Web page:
The City, by Incubator Theatre, has failed to find an alternative venue and will now not be run at all at the Fringe this year.
It was due to be staged by the theatre group, who receive funding from the Israeli government, at the Cow Barn in Underbelly in Bristo Square but the protests, which disrupted other venues, led to its cancellation.
A statement from Underbelly said: "Underbelly and Incubator Theatre have worked very hard to find an alternative venue for The City.
"We are very disappointed to announce that unfortunately we have been unable to find a space that is viable for the show and for the security of the audience.
"A private performance for friends took place today but otherwise all performances at Underbelly of the show are now cancelled."
More than 1,460 Palestinians, mostly civilians, including many children, have died in the latest conflict in Gaza, as well as 63 Israelis, mostly soldiers.
Scots Makar Liz Lochhead was among the signatories of an open letter protesting against the staging of The City last month.
The letter, also signed by figures such as playwright David Greig, author and artist Alasdair Gray, and theatre directors Ben Harrison, Graham McLaren and Cora Bissett, called for the Underbelly venue to reconsider staging the group's opera.
The letter said: "The current, brutal assault by Israel upon the people of Gaza, which is an appalling collective punishment, underlines the seriousness of your error in co-operating with a company which is funded by the Ministry of Culture of the state of Israel."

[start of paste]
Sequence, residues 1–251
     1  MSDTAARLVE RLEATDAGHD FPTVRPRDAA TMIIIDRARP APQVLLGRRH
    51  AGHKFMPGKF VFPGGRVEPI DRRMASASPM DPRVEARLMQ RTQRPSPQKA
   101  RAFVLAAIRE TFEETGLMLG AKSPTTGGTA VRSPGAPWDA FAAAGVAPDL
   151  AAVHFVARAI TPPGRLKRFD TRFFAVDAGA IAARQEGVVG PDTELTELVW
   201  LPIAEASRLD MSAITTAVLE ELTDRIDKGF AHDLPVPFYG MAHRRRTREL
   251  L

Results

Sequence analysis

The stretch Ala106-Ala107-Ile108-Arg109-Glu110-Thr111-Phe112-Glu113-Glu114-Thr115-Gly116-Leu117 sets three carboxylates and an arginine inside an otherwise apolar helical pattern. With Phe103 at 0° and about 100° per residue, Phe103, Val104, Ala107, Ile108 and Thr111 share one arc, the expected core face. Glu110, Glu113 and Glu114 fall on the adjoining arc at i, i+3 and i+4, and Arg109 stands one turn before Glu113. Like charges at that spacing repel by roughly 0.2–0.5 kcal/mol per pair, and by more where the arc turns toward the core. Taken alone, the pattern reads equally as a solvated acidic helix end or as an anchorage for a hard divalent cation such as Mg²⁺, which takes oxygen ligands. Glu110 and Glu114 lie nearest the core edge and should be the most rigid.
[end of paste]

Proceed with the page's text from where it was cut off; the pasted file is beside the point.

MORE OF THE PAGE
A Scottish Government spokeswoman said: "The Scottish Government has repeatedly stated on this issue that it does not tell individual venues or galleries what they can or cannot programme. We have made clear the Scottish Government's position on the crisis in Gaza. We have called for an embargo on UK arms exports to Israel and have repeatedly called for an immediate and unconditional ceasefire to put an end to the violence. We have offered medical help, pledged to accept refugees and are providing £500,000 to help people affected by the crisis."
The Edinburgh Festival Fringe Society said: "The Edinburgh Festival Fringe is underpinned by our open access principles. These principles guarantee artists the freedom to present their work to the public without the intervention of a curator or the need for official approval. We are therefore deeply saddened when any artist or show is prevented from taking part in the Fringe. We have done what we can to support Underbelly and Incubator Theatre as the situation has developed and we respect the difficult decisions that they have taken.
"To be clear, our commitment to freedom of expression means that we support the right of all participants of the Fringe and members of the public to hold and express differing political views, but we also believe in an artist's right to freedom of expression, and that the curtailment of this freedom is contrary to the fundamental ethos of the festival."